Although the current generation of cars are the fastest in F1 history in a straight line, the unique characterstics of Monza are the result of a bespoke aerodynamic package brought by most teams for the Italian GP. Most teams will spend a solid two weeks designing these packages in order to generate a good car balance for the various chicanes which litter the circuit whilst cutting drag and improving top speed.
In case you were wondering, we saw top speeds of 225mph with DRS in use on the main straight, the fastest speeds ever recorder in Monza. Of course Juan Pablo Montoya’s highest average speed of 162.9mph during pre-qualifying in 2004 remains unbeatable for now, but it just proves that despite all the fuss made about this year’s cars not being fast enough was, well, just a fuss.
Overall top speed was, however, limited by the energy usage capabilities inside this year’s hybrids. You will be aware of the fact that sometimes we see cars at the end of the straight with the rain-light blinking. This is to indicate that the MGU-H has gone into harvest mode and the turbo’s rpm is reduced significantly as a result and slowing the car down. When riding on board with cars reaching the end of the main straight, the engine rpm dropped significantly and this was a particular feature on Valtteri Bottas’s Williams. Continue reading →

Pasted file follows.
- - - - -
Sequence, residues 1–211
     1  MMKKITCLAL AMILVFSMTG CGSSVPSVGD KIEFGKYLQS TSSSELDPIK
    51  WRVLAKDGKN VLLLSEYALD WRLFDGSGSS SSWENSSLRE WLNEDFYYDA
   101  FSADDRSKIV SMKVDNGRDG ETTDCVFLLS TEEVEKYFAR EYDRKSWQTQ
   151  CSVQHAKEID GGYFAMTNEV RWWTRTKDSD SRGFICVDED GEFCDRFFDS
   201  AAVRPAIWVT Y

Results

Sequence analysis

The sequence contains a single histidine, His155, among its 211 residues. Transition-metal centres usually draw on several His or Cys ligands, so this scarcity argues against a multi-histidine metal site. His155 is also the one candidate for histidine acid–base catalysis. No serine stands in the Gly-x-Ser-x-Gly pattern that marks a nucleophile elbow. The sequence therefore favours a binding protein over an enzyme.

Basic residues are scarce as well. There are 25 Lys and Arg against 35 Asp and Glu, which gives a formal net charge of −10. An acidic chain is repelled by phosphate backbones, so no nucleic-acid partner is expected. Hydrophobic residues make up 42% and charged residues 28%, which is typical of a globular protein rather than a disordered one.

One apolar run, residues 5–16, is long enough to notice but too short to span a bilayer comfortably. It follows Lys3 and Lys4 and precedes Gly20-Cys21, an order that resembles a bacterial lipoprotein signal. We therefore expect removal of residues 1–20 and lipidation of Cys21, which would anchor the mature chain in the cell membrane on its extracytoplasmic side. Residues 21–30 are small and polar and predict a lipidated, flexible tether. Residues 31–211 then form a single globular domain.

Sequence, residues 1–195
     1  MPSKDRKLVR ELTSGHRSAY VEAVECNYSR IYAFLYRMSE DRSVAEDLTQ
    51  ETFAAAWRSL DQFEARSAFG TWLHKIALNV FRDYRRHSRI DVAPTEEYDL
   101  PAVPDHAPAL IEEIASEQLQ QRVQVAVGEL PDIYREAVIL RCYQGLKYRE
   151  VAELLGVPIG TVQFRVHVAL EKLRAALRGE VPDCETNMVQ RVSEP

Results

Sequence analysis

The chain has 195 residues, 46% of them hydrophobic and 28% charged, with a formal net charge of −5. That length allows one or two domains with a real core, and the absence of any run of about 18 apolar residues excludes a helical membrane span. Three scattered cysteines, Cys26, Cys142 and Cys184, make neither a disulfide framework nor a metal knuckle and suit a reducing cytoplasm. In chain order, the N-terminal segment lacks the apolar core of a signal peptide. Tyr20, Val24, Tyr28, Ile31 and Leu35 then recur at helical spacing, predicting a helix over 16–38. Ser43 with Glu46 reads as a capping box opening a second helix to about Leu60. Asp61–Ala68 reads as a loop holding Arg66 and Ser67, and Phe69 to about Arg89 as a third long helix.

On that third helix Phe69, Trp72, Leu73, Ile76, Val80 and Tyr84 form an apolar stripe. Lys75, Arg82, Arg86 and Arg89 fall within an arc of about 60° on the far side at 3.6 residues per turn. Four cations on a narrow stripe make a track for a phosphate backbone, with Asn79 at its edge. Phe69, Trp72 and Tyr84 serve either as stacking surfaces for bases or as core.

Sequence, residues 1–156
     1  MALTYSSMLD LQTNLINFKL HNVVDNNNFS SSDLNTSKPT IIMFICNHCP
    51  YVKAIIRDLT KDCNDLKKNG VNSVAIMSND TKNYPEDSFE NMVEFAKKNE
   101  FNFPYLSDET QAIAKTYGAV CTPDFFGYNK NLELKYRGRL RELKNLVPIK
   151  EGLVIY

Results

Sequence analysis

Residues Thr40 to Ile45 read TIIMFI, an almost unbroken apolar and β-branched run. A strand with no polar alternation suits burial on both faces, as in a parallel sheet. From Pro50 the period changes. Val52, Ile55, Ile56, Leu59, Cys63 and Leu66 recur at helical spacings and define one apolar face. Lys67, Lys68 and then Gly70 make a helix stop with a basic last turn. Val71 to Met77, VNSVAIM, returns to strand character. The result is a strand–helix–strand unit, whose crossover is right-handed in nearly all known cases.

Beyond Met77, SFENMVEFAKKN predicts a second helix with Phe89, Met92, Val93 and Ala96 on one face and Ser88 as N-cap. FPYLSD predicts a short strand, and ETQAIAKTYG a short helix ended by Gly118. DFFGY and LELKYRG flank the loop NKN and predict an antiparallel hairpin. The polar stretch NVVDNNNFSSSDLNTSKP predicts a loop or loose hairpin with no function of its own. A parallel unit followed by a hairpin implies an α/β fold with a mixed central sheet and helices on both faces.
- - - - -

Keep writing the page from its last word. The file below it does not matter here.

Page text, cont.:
Spa and Monza are two circuits that come at a convenient time on the F1 calendar as their place in the season – just two weeks apart from eachother – allows the teams to finalise their low downforce packages over the summer break.
Spa in particular has always represented a dilemma for the teams: do you go high downforce for the middle sector and compromise top speed, or opt for a low drag setup for S1 and S3 at a risk of losing out if it rains? It is for this reason that we see a mix-and-match of both low drag rear wings and high downforce front wings, although this year the teams had more unique combinations than usual thanks to the high top speeds these cars reach even with a high downforce package. Continue reading →
Just one week separated the Malaysia and Bahrain Grand Prix which meant that few updates were seen this weekend. However, the relentless nature of F1 ensures that even small modifications are always being brought to the cars every race weekend and Bahrain was no exception. Continue reading →